“I sleep late, fish a little, play with my children, and take a siesta with my wife. In the evenings, I go into the village to see my friends, have a few drinks, play the guitar, and sing a few songs…I have a full life.”
The American interrupted, “I have an MBA from Wharton and I can help you! You should start by fishing longer every day. You can sell the extra fish you catch. With the extra revenue, you can buy a bigger boat. With the extra money the larger boat will bring, you can buy a second one and a third until you have an entire fleet. Instead of selling your fish to a middle-man, you can negotiate directly with the processing plants and maybe even open your own plant. You can then leave this little village and move to the US!  From there you can direct your huge enterprise.”
“How long would that take?” asked the Costa Rican.   “20, perhaps 25 years,” replied the American.   “And after that?”   “Afterwards? That’s when it gets really interesting,” answered the American. “When your business gets really big, you can start selling stocks and make millions!”   “Millions? Really? And after that?”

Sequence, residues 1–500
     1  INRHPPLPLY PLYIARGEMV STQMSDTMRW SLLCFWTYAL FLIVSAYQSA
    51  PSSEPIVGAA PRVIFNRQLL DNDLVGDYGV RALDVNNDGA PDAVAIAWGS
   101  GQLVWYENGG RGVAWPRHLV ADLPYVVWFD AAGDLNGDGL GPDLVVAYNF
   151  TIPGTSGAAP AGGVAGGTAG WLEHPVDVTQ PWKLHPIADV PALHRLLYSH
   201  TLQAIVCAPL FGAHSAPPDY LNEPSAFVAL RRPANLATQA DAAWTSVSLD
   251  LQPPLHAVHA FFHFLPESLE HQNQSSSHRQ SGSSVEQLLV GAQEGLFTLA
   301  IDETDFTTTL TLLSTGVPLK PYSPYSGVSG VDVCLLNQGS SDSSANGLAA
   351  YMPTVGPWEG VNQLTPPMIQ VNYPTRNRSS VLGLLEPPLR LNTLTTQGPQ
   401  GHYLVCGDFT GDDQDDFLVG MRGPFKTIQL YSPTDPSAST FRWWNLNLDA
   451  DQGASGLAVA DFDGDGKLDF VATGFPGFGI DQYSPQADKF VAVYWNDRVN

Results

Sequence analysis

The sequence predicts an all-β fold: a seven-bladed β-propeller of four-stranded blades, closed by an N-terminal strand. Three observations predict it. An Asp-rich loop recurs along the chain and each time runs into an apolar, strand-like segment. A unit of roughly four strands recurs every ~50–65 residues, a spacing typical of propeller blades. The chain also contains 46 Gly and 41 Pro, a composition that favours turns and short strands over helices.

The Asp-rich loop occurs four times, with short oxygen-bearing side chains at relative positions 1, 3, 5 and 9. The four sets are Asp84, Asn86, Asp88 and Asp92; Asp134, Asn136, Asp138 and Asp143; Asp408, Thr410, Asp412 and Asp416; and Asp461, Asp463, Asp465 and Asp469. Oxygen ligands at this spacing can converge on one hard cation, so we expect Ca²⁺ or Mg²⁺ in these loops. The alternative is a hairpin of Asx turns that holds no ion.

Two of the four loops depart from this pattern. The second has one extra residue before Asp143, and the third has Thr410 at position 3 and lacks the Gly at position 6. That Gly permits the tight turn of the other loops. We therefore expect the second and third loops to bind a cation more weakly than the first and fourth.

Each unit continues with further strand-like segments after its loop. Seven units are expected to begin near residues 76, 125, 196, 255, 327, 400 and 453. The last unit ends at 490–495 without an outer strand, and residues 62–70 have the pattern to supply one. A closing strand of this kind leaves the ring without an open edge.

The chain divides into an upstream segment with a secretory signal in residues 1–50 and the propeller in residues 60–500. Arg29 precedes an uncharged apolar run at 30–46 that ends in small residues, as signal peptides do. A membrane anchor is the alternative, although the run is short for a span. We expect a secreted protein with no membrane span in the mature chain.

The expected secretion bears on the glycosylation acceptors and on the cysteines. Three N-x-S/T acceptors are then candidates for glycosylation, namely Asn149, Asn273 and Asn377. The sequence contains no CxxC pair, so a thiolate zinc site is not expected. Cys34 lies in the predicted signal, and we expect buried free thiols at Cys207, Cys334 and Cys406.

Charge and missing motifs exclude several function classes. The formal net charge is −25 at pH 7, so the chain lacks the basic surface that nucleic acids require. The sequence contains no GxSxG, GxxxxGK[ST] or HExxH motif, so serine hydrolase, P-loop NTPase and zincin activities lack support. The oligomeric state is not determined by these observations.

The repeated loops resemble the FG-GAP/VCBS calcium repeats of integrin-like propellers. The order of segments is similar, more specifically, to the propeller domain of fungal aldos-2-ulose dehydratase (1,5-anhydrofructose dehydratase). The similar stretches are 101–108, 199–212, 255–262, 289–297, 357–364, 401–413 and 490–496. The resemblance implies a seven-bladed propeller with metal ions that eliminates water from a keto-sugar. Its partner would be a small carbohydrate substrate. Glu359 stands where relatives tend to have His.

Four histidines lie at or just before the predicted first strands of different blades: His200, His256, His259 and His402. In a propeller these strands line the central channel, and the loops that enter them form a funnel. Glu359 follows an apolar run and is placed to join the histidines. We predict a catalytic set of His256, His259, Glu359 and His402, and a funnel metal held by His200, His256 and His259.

“After that you’ll be able to retire, live in a tiny village near the coast, sleep late, play with your grandchildren, catch a few fish, take a siesta with your wife, and spend evenings in the village, have a few drinks, play the guitar and enjoy your friends!”

The spiritual life begins when we realize what is enough, and give thanks for enough.
Give us this day our daily bread.  Acknowledging our dependence on God’s provision.
Appreciation means gratefully holding rather than simply having without gratitude.

 We often cannot change our circumstances.  In Matthew 6, Jesus tries to tell us that we cannot add a day to our lives, or make ourselves taller or shorter. Most of life is out of our control. Jesus suggests that by recognizing our lack of control over most circumstances, and recognizing our vulnerability and dependence on God actually increases our happiness because it liberates us from the addictive drives of the never-enough system.